Toronto, April 5: The US House of Congress has passed a bill to end support for U.S. involvement in the Saudi-led war in Yemen. The House voted for bill on Thursday in a 247-175-1 vote, with 16 Republicans voting along with the majority Democrats.
The US Senate has already passed the resolution which calls on the president to “removed United States Armed Forces from hostilities in or affecting” Yemen within 30 days.
The bill was passed under the War Powers Act of 1973, a Vietnam War-era law which was first introduced to curtail a US president's deployment of US military forces without congressional approval. This is the first time the United States Congress has enacted a bill under this law. This bill is a major rebuke to US President Donald Trump’s policy and his pro-Saudi stance. The U.S. has provided aerial refuelling of jets, reconnaissance, targeting and intelligence information to the Saudi-led coalition that is waging a war against the Houthi rebels in Yemen.
But Donald Trump has slammed the move and promised to veto the bill as he considers this a major intrusion in to the US government’s foreign policy initiative. The White House has previously argued the resolution “would harm bilateral relationships in the region.”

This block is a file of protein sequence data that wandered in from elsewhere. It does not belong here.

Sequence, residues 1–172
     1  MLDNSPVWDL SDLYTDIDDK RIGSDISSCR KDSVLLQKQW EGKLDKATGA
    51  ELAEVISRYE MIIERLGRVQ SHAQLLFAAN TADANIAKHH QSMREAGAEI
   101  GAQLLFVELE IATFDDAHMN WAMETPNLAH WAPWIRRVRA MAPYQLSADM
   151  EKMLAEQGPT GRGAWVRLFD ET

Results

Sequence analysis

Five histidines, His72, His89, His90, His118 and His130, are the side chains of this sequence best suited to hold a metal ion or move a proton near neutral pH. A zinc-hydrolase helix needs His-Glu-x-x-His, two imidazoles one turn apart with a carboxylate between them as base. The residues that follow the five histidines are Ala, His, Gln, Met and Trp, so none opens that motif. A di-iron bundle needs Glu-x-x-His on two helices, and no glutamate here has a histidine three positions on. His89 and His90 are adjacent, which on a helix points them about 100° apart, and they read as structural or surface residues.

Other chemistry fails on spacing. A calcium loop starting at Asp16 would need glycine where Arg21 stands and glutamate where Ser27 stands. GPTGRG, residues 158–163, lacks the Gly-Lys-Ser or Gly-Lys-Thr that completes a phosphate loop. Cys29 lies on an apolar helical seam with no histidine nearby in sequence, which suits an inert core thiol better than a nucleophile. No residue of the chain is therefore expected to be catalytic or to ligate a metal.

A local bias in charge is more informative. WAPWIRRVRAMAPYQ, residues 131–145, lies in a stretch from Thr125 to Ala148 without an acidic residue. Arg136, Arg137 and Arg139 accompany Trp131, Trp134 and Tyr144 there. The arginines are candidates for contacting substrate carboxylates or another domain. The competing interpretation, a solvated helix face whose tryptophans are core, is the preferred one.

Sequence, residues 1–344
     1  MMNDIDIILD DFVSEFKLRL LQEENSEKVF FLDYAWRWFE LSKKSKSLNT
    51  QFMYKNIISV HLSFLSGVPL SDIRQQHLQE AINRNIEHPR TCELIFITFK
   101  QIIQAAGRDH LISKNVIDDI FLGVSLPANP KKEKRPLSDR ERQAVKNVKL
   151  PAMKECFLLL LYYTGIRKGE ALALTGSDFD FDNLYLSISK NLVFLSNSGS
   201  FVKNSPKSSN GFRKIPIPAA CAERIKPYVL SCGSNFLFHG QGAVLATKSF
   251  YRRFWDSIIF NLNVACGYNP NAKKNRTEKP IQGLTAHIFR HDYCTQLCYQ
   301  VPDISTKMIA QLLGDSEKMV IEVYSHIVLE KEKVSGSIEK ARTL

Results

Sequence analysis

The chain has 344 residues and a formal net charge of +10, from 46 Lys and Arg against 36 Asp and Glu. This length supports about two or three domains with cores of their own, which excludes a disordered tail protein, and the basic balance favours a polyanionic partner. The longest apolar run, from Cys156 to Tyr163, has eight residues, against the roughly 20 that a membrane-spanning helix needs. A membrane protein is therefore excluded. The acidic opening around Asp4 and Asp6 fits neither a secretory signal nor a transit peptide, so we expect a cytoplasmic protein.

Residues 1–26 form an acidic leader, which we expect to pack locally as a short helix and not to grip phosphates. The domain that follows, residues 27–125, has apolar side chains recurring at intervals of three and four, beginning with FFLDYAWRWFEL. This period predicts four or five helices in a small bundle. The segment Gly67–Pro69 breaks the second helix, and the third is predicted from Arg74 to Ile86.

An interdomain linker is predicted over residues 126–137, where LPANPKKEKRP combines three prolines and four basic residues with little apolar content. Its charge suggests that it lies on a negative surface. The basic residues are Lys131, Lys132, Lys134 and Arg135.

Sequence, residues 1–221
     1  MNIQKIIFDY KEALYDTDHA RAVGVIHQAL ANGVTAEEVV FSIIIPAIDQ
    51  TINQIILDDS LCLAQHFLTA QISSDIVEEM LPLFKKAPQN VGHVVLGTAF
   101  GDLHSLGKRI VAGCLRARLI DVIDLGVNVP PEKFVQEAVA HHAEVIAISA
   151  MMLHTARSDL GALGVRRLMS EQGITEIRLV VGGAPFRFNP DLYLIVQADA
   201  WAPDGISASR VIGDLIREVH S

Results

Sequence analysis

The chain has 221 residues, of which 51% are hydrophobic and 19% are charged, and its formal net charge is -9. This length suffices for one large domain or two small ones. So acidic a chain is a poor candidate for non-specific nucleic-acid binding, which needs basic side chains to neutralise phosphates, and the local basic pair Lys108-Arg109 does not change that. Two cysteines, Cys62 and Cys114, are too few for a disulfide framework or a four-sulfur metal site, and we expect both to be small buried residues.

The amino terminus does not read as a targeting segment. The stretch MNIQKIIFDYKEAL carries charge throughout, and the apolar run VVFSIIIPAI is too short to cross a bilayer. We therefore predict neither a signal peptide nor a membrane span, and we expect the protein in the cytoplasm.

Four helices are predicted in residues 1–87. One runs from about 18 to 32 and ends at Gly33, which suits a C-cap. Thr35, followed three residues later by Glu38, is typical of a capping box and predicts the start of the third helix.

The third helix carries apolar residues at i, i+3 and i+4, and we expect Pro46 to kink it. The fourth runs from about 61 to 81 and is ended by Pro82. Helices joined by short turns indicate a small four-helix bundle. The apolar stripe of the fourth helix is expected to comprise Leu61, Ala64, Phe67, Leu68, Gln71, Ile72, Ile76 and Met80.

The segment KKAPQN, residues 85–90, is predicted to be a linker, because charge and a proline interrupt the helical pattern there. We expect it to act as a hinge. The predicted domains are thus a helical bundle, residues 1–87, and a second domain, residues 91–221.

House sponsor of the bill Representative Ro Khanna, a Democrat from California, called the Yemen proposal “a culmination of a year’s long, bicameral & bipartisan effort to end the world’s worst modern humanitarian crisis.”
The Yemen war, between the Houthi rebels, who are accused of being supported by Iran and the Saudi-led coalition who supports the Yemen government has killed an estimated 18,000 civilians including women and children. Saudi Arabia has also imposed a blockade on the country which has brought Yemen on the brink of widespread famine. The UN has called the Yemen was the world’s worst humanitarian crisis.